A new research article out of California University of Technology suggests that holographic imaging could be the key to finding extraterrestrial life on Saturn’s moon, Enceladus, and others like it. The moon is covered in ice, but under that crust is a liquid ocean with geysers that release plumes of water vapor through the icy surface and into outer space around the moon.  

The research, conducted by Jay Nadeau a research professor at the university, suggests using an adapted version of a digital holographic microscope to study the movement of possible microbes in the plumes. The digital holographic microscopy technique uses lasers to collect 3-D images of tiny little organisms.

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NASA announced in April that Saturn’s Enceladus and Jupiter’s Europa both have the potential to support simple life that requires no sunlight. Such organisms could draw energy from the hydrogen leaking into the oceans by combining it with carbon dioxide, a process called methanogenesis. The Cassini spacecraft discovered these plumes while conducting a deep dive around the moon in 2015, according to NASA. While the craft was able to determine some present elements it was unable to determine whether there were other key building blocks to life, or anything actually living. So now researchers are working to figure out what type of microscope would be best to send to one of these icy moons.

This new proposed research method would hopefully help identify whether there’s life, but would need to be added to crafts that will fly through the plumes in the future.The fact that the plumes are venting out into space makes studying them easier because crafts would only need to flyby rather than successfully land on the moons. But only part of the research could be done remotely, and the microscopes used for this technique on Earth would need to be adapted to work on a moving spacecraft in outer space conditions.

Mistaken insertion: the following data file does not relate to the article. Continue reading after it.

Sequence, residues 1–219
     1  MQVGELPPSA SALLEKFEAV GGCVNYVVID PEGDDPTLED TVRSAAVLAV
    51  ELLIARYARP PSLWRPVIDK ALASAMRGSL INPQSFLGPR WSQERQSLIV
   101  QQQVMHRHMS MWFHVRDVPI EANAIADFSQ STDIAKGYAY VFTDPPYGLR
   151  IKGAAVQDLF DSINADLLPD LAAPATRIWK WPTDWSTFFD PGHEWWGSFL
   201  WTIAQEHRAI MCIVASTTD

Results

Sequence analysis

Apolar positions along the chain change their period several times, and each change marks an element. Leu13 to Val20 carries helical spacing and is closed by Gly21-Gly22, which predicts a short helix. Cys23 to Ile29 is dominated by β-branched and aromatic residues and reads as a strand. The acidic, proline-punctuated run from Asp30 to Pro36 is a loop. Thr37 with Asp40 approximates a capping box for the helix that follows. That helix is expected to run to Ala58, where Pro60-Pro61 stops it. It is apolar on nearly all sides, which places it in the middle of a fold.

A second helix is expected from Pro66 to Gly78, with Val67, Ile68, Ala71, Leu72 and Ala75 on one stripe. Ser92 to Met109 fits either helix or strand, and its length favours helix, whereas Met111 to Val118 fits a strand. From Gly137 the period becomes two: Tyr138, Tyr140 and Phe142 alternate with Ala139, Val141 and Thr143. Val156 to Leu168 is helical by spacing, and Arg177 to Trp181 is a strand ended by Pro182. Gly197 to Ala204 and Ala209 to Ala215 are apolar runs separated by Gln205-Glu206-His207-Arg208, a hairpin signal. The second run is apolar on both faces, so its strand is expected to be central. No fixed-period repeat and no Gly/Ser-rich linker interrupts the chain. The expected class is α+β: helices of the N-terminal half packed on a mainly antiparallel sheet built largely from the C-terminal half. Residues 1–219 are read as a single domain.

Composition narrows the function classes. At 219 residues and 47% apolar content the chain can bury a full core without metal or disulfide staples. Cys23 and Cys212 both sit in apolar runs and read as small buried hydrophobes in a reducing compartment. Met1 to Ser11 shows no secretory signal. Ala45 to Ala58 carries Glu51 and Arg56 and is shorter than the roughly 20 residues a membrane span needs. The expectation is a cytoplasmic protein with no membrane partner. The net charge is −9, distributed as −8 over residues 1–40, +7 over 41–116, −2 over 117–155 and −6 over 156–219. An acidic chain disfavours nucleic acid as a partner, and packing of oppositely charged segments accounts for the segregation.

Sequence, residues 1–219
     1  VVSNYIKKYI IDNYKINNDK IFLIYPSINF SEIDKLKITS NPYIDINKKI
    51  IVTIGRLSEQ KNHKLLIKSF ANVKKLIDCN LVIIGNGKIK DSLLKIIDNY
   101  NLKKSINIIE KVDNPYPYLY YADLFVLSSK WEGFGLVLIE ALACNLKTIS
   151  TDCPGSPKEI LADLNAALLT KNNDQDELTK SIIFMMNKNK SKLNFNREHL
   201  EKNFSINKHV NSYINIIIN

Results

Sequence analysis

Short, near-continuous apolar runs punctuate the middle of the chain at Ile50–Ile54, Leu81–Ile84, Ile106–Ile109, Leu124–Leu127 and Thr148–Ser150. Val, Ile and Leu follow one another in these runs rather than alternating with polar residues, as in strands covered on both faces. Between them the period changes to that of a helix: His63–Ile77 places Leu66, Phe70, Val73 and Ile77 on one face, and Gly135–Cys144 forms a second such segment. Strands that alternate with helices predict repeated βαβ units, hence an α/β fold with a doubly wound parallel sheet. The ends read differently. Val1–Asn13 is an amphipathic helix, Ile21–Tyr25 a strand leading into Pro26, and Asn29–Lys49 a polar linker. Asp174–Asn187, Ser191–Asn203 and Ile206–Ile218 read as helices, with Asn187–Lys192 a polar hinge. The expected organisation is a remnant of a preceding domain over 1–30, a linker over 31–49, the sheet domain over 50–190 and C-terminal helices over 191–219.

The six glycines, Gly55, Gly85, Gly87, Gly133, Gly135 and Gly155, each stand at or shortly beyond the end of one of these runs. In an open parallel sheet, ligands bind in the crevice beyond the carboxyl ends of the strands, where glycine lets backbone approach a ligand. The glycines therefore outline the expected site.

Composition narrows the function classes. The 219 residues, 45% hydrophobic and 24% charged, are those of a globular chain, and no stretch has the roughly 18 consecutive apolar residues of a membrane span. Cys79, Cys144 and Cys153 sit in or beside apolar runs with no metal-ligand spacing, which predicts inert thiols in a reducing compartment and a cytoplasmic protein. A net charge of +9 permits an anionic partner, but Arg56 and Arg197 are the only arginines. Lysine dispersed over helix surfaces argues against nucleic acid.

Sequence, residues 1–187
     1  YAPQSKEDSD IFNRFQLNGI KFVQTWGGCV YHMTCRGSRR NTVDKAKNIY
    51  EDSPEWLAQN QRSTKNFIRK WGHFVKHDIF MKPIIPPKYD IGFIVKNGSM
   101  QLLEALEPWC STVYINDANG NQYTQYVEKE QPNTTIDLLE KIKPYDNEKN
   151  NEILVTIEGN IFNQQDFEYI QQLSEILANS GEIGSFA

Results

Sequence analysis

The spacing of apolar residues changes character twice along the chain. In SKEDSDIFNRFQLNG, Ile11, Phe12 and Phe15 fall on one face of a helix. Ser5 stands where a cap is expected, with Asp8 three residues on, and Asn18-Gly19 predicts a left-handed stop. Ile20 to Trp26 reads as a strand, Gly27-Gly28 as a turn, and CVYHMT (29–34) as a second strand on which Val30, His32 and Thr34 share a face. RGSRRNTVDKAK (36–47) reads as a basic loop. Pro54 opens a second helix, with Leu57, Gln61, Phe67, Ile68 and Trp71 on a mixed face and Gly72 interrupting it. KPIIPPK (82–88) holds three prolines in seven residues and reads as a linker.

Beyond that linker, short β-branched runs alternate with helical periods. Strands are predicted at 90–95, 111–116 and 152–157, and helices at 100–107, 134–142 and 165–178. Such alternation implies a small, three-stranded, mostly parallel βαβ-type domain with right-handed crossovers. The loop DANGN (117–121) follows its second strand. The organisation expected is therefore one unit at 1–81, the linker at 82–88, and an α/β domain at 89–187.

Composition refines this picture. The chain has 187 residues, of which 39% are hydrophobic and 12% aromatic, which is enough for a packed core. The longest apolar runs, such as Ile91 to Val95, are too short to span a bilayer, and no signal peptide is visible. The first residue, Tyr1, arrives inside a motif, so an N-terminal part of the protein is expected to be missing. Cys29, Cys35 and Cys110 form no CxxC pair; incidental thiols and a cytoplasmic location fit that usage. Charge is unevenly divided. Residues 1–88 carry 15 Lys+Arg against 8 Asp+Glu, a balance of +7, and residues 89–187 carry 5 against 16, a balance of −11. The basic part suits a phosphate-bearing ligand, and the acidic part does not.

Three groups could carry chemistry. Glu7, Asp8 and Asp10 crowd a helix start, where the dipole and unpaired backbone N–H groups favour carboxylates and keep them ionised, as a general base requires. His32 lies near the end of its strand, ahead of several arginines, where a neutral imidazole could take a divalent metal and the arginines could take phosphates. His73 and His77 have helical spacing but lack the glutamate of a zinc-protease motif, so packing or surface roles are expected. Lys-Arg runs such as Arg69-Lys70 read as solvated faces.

Capturing material with a flyby also presents its own challenges, some of which can be solved by using the holographic microscopy technique. The craft orbiting the moon would be traveling at an extremely high speed, which has the potential to pulverize any bacteria or microbes caught. So the craft would need to have some sort of decelerator, something Nadeau and her team are working on. Additionally the plumes aren’t thick, so crafts would have to make a minimum of 12 trips around the moons to gather enough material to actually study, Nadeau said in a video explaining the research.

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The method involves illuminating an object with a laser and the light that is reflected back is measured can give details on the amplitude and the intensity of the object that then allows a computer to reconstruct a 3-D image of the object, said a release from Cal Tech. Breaking down what the microbes are made of is possible as well but takes more work. The team plans to try and use this technique on remote parts of Earth before perfecting the method for potential space travel on a future NASA mission.